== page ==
Monday December 19, 2022

Alaska Native News

Deep beneath the waves, tiny clams with shells usually about as big as a pea bore into pieces of sunken wood. The wood is food for them, as well as a home. These rare, scattered, sunken pieces of wood support miniature ecosystems where different wood-boring clam species can live in harmony for years. But in a new paper in Marine Biodiversity, researchers found that one group of wood-boring clams has evolved a unique way to get the wood all for itself: building chimneys made of poop.

“There are two challenges every sea creature has to face: getting pure water in, so you can get oxygen to your gills, and getting rid of your waste. Because nobody wants to live in their poop. But here are these clams living with theirs, and actually thriving,” says Janet Voight, Associate Curator of invertebrate zoology at the Field Museum and the study’s lead author.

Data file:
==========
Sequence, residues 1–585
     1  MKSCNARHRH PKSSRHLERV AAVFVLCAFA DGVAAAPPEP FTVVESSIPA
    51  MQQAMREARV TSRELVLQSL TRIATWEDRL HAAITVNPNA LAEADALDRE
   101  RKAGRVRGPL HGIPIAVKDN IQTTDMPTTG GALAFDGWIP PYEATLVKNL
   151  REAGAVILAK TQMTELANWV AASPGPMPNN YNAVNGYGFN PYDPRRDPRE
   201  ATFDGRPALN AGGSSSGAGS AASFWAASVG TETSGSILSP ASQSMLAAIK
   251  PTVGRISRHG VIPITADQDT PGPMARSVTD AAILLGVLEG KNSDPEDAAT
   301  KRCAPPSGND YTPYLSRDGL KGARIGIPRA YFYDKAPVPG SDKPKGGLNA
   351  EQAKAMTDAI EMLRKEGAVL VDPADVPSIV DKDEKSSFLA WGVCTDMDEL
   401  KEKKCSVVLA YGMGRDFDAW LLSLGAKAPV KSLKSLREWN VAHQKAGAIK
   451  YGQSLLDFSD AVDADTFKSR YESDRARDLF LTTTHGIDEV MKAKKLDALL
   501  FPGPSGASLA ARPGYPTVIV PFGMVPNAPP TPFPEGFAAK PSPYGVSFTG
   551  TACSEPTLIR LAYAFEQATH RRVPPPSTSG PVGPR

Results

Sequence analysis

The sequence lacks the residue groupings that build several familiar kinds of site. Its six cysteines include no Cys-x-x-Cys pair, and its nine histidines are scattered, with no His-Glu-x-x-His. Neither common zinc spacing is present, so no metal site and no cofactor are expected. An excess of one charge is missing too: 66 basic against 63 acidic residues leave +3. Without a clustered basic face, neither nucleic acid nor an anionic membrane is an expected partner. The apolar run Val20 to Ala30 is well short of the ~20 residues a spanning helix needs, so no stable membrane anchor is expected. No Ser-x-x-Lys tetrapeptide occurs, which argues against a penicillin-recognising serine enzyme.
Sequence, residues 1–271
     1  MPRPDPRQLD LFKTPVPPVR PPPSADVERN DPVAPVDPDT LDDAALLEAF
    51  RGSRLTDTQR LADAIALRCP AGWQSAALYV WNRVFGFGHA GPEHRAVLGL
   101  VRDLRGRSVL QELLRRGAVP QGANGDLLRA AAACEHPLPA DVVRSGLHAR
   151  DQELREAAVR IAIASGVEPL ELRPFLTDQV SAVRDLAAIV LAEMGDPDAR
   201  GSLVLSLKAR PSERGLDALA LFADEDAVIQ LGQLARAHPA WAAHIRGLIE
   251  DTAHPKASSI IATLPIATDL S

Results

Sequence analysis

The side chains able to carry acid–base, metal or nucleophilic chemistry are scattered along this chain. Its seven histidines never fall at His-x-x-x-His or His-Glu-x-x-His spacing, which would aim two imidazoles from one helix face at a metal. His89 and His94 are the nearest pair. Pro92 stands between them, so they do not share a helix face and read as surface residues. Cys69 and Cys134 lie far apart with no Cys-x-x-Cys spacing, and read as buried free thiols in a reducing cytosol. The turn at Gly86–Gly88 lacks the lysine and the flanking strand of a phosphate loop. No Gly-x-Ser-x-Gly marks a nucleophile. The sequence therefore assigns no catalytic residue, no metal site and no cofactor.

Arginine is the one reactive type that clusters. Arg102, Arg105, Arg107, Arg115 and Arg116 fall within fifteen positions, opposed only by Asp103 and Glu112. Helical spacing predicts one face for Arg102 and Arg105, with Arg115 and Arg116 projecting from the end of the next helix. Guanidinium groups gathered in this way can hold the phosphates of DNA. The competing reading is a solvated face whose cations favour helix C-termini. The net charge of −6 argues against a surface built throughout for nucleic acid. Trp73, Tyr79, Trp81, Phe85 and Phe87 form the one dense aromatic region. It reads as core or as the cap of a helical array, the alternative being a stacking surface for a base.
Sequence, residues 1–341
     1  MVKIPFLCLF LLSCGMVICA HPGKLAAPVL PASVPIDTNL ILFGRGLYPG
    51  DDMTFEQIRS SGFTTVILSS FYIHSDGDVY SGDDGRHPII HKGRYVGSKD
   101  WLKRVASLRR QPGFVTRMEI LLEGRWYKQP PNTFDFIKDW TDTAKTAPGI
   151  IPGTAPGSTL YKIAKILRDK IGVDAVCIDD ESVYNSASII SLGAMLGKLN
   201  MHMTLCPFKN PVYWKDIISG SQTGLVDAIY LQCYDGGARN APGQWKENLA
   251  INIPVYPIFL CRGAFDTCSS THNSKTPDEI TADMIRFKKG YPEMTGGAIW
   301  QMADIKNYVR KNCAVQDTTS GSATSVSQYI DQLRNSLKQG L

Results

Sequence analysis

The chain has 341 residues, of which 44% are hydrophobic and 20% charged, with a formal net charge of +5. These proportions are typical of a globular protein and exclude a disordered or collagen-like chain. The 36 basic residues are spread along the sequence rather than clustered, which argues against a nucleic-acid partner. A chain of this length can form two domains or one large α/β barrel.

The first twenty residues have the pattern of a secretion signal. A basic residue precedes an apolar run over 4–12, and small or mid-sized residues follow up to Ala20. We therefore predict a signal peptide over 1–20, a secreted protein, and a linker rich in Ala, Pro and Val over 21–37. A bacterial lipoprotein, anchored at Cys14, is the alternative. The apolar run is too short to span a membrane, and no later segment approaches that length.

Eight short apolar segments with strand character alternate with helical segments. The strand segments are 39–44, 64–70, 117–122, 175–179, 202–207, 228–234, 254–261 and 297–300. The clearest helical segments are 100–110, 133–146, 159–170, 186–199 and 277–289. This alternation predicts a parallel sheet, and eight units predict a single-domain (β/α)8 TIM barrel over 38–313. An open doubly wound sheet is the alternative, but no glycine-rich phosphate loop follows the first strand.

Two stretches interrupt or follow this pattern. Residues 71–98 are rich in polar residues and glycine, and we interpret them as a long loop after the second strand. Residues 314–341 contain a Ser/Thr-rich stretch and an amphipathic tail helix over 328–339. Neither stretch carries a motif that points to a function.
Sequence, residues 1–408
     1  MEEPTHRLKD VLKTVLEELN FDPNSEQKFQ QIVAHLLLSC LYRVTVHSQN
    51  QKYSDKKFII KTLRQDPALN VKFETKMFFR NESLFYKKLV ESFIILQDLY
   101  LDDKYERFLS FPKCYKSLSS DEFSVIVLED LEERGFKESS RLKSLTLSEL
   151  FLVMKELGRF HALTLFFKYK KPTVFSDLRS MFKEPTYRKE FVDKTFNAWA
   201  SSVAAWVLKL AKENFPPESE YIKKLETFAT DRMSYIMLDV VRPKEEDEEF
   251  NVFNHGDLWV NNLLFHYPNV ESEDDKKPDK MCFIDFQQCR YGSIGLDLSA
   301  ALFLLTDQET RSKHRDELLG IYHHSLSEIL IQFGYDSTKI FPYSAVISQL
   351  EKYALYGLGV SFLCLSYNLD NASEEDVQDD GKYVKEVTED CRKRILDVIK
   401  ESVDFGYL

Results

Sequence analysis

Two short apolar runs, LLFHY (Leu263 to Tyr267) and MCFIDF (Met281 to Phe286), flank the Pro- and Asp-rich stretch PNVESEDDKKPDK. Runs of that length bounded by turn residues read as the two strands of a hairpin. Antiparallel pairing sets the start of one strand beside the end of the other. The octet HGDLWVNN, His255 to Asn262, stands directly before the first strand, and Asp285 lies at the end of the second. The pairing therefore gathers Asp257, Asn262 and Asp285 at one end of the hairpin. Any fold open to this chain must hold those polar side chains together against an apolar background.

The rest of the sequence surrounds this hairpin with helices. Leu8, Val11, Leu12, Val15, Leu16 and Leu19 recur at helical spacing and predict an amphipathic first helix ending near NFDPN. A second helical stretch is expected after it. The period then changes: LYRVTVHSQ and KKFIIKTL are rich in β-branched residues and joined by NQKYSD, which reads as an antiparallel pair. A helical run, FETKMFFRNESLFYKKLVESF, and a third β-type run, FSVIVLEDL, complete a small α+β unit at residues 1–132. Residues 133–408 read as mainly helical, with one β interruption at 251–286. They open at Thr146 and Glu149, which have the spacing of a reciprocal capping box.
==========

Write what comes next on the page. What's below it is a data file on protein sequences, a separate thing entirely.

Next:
Scientists can put wood on the seafloor, return months or even years later, and recover it with “an amazing array of animals,” says Voight; other times wood that has been submerged for the same amount of time comes up so gnawed and bored-through that you can crumble it in your hand. This difference was a mystery, and Voight wanted to know why.

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